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Local News

  • Teacher develops Preschool Scientist of the Week

    Preschool students at Heartland Elementary School and their families are learning science lessons at home.

    Monica Bybee, a preschool teacher at Heartland, started an initiative called Preschool Scientist of the Week, in which students and their families perform an experiment at home and report the results during class.

    Bybee wanted to give students more opportunities to perform science experiments, especially because these are their earliest experiences in education.

  • Photo: Relocation possible
  • Locals respond to plea to save animals

    A Facebook plea received nearly 500 shares in almost four hours Friday after posting that the Fort Knox Stray Animal Shelter planned to euthanize all of the facilities’adoptable animals 4 p.m.

    The page, OSMW — which stands for Overly Sensitive Military Wives — asked followers to help find homes for the animals around 1:30 p.m. The page’s contact, Six Jane, said she called to keep track of adoptions throughout the day.

  • Digging for clues: Search for remains turns up plenty of dirt

    By the time the first few clumps of dirt were piled early Friday morning along a fencerow where a home once stood at 211 E. Railroad Ave. in Elizabethtown, Nettie Clark was watching across the road, a cigarette in one hand, a cup in the other.

    “I was in that house many times,” Clark said. “Me and his sister hung out in there.”

    The home where Larry Sherrard once lived has been torn down for several years now. Sherrard died Feb. 2 at age 60.

  • Trial begins Monday for man indicted for rape

    The jury trial for a Nicholasville man accused of raping a girl and fathering her child is set to begin Monday.

    Alfred C. Ivey Jr., 49, appeared Tuesday for a pretrial hearing in Hardin Circuit Court, where his attorney, public defender David Stewart, made a motion to exclude DNA evidence of Ivey’s paternity to the victim’s child.

    The motion was denied and Judge Kelly Mark Easton said it would be for a jury to decide.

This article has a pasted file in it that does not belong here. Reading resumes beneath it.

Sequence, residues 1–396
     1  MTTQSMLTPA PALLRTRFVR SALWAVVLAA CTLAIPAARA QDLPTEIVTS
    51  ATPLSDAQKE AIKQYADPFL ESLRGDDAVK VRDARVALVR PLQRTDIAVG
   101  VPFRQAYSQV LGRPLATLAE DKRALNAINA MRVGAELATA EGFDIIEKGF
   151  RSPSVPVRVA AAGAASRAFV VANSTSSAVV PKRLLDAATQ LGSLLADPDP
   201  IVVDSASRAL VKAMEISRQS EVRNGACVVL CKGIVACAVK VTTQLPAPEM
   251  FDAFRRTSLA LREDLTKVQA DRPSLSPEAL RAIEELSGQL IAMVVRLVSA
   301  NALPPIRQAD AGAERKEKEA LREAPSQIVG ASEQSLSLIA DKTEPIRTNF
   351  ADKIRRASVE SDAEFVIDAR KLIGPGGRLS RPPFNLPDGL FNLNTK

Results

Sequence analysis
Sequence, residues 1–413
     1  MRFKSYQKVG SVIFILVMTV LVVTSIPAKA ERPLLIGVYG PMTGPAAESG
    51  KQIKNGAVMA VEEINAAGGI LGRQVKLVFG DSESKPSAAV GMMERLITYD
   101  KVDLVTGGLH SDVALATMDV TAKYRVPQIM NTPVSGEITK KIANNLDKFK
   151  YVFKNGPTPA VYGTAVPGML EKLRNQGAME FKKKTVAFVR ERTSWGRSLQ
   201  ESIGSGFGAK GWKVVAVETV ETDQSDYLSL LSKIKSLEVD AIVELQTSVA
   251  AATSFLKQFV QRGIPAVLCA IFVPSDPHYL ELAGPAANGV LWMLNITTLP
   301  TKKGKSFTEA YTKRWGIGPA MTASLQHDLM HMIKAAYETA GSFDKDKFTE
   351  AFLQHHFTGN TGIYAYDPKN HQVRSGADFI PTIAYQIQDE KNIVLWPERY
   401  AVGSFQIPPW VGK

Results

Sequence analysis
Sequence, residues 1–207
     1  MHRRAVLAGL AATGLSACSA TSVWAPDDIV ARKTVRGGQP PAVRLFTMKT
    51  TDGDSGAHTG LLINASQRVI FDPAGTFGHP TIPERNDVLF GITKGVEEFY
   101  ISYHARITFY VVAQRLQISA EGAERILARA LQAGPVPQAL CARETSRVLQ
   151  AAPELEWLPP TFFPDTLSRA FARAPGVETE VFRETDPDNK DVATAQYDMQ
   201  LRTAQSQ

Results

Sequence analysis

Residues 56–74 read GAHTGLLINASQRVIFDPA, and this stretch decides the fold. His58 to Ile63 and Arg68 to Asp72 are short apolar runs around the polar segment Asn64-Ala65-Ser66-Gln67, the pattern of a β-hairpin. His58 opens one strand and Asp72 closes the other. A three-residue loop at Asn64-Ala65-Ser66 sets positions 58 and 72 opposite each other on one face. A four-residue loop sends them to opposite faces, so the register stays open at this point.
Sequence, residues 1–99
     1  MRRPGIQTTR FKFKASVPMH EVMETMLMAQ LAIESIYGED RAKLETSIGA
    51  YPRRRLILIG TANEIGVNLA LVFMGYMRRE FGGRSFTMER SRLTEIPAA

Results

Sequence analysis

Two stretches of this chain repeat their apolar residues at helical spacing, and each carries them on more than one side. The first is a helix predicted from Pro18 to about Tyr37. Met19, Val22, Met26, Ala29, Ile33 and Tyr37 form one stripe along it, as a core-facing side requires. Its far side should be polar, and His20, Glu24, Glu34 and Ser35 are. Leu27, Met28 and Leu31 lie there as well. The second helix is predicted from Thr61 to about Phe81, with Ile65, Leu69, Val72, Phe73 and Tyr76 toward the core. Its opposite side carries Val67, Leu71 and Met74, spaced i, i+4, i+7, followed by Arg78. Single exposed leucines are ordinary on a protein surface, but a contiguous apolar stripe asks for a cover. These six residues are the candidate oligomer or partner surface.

• FACES & PLACES: Weathered patterns
  • Celebrating history

    “We are people of worth who can achieve anything on this earth,” read Irvin Lyons Jr. from a poem titled “Remember” to a crowd gathered Friday to celebrate Black History Month.

    After the reading, gospel music filled the room as those in attendance sang along, danced and clapped during Hardin County’s chapter of the National Association for the Advancement of Colored People Black History Program at Colvin Community Center in Radcliff.

  • Four indicted for growing pot

    Four Hardin County residents were indicted this week in Hardin Circuit Court on cultivating marijuana and drug paraphernalia charges.

    Paul D. Cripps, Heather Leighan Cripps, Charles B. Cripps Jr., and Patty Lynn Cummins were indicted for planting, cultivating or harvesting with intent to sell or transfer more than five plants of marijuana at a residence in Big Cliffty.

    According to the indictment, they also had in their possession grow lights, ventilation equipment, plastic containers and bags used for cultivating, packaging and storing controlled substances.

  • Burglary investigation turns into meth bust

    What started as a burglary investigation more than a week ago turned into much more for two Cecilia residents at a home along Hardinsburg Road.

    Frankie Vertrees, 40, and Bobbie Crowder, 20, were arrested and charged manufacturing methaphetamine when Kentucky State Police troopers, who were at the residence assisting the Meade County Sheriff’s Office, found a meth lab Thursday afternoon.

  • All Fort Knox shelter animals adopted before euthanization deadline

    An animal caretaker at the Fort Knox Stray Animal Shelter said all of the facilities' adoptable animals were to be euthanized by 4 p.m. Friday if they were not adopted. 

    As of the deadline, all eligible animals were adopted, said Kyle Hodges, Fort Knox media relations officer.